GROUND SOURCE HEAT PUMPS (£ 14,000 – £ 19,000)
Ground source heat pumps use pipes buried in the garden to extract heat from the ground, which can then heat radiators, warm air heating systems and hot water.
They circulate a mixture of water and antifreeze around an underground loop pipe. Heat from the ground is absorbed into the fluid and then passes through a heat exchanger.
Installation costs between £ 14,000 and £ 19,000 depending on the length of the loop, and running costs will depend on the size of the house and its insulation.
Users may be able to receive payments for the heat they produce through the government’s Renewable Heat Incentive. Systems typically come with a two or three year warranty – and operate for at least 20 years, with professional testing every three to five years.
AIR HEAT PUMPS (£ 11,000)
Air source heat pumps absorb heat from the low temperature outside air into a fluid to heat your home and hot water. They can still extract heat when it is as cold as -15C (5F), with the fluid passing through a compressor which heats it up and transfers it to a heating circuit.
They extract renewable heat from the environment, which means that the heat output is greater than the input of electricity – and therefore they are considered to be energy efficient.
There are two types, which are air-to-water and air-to-air, and installing a system costs from £ 9,000 to £ 11,000, depending on the size of your home and its insulation.
It is said that a typical three bedroom house can save £ 2,755 in ten years by using it instead of a gas boiler.
HYDROGEN BOILERS (£ 1,500 – £ 5,000)
Hydrogen boilers are still in the prototype phase, but they are being developed to run on either gaseous hydrogen or natural gas – and can therefore be converted without a new heating system. is not necessary.
The main advantage of hydrogen is that it does not produce carbon dioxide at the point of use and can be made either from water using electricity as a renewable energy source or from from natural gas accompanied by carbon capture and storage.
A hydrogen-ready boiler is intended to be a comparable trade-in for an existing gas-fired boiler, but the cost is unknown, with estimates ranging from £ 1,500 to £ 5,000.
The boiler is built and operates in essentially the same way as an existing condensing boiler, with Worcester Bosch – which is producing a prototype – saying that converting a hydrogen-ready boiler from natural gas to hydrogen will take around one hour to a qualified engineer.
PHOTOVOLTAIC SOLAR PANELS (£ 4,800)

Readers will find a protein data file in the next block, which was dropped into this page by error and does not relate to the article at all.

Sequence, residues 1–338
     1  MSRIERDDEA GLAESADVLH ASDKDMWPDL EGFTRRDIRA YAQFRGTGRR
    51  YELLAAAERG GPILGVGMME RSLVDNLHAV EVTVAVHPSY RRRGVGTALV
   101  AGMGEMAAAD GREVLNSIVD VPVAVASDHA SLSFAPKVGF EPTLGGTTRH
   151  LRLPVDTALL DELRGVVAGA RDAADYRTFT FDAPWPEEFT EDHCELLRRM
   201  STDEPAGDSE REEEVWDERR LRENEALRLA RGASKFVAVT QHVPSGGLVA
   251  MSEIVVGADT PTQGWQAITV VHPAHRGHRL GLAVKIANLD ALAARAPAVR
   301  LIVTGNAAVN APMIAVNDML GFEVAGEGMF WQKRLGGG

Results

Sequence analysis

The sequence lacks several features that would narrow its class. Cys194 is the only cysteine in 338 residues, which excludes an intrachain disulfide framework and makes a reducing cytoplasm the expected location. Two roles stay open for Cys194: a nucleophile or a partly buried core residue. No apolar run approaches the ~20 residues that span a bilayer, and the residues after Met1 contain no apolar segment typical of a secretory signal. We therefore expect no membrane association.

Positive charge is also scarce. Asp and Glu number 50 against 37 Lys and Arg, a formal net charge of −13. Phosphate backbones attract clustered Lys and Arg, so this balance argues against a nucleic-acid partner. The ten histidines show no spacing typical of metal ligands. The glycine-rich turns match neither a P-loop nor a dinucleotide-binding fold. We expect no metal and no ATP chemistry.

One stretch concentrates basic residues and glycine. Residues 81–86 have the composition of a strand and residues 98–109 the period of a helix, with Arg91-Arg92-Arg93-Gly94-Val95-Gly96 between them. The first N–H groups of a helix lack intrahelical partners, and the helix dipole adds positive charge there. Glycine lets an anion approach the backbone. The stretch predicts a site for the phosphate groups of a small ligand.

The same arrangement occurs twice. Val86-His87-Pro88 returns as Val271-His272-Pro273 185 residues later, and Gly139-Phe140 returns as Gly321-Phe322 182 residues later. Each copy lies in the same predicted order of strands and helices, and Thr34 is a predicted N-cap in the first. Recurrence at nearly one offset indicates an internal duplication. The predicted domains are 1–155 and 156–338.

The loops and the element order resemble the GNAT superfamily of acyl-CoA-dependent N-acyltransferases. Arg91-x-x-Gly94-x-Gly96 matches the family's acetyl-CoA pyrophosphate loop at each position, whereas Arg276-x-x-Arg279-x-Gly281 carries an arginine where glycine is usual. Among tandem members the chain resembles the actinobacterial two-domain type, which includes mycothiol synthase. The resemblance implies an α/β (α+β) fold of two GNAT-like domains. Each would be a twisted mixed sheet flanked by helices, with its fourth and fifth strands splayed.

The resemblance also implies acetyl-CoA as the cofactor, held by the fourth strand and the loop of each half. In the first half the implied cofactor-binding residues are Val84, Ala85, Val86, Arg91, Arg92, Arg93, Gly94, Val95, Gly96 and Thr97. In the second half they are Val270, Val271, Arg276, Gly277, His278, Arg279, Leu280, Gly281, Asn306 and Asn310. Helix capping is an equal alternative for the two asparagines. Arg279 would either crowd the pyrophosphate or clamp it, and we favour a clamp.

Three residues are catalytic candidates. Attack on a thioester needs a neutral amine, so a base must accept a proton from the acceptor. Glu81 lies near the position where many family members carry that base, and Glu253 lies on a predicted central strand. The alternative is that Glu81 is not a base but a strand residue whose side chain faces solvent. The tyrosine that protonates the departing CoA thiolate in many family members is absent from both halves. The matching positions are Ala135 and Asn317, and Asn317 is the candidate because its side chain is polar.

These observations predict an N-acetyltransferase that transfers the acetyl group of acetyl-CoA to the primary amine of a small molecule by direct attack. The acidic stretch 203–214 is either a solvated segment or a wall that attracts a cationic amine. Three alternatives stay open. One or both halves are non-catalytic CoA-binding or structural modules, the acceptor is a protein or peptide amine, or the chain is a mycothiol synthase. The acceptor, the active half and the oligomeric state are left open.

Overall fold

Photovoltaic solar panels produce renewable electricity by converting the sun’s energy into electricity, with experts saying they will reduce electricity bills.
Options include panels mounted on a south-facing sloping roof or flat roof, ground panels or solar tiles, each suitable for different environments. They are made from layers of semiconductor material, normally silicon, and electrons break off when light shines on the material, creating a flow of electricity.
Cells can work in cloudy weather but generate more electricity when the sun is stronger. The electricity produced is direct current (DC), while household appliances normally use alternating current (AC) – and therefore an inverter is installed with the system.
The average home solar PV system is 3.5 peak kilowatt (kWp) – the rate at which energy is generated at peak performance, such as a sunny afternoon. A set of 1 kWp panels will produce an average of 900 kWh per year under optimal conditions, at a cost of £ 4,800.
SOLAR WATER HEATING (£ 5,000)
Solar water heating systems, or solar thermal systems, use the heat from the sun to heat domestic hot water.
A conventional boiler or immersion heater can then be used to make the water hotter, or to provide hot water when solar energy is not available.
The system works by circulating a liquid through a panel on a roof, or on a wall or floor mounted system.
The panels absorb heat from the sun, which is used to heat the water kept in a cylinder, and those with the system will need a fair amount of roof space receiving direct sunlight for much of the time. the day to do it effectively.
The cost of installing a typical system is between £ 4,000 and £ 5,000, but the savings are lower than with other options as they are not as efficient during the winter months.
BIOMASS BOILERS (£ 5,000 – £ 19,000)
The renewable energy source of biomass is generated from the combustion of wood, plants and other organic materials such as manure or household waste. It releases carbon dioxide when burned, but much less than fossil fuels.
Biomass heating systems can burn wood pellets, chips or logs to heat a single room or power central heating and hot water boilers.
A stove can also be fitted with a rear boiler to heat the water, and experts say a wood-fired biomass boiler could save up to £ 700 per year compared to a standard electric heating system.
A self-fueled pellet boiler for an average home costs between £ 11,000 and £ 19,000, including installation, flue and fuel storage. Manually fueled log boiler systems can be slightly cheaper, while a smaller household biomass boiler starts at £ 5,000.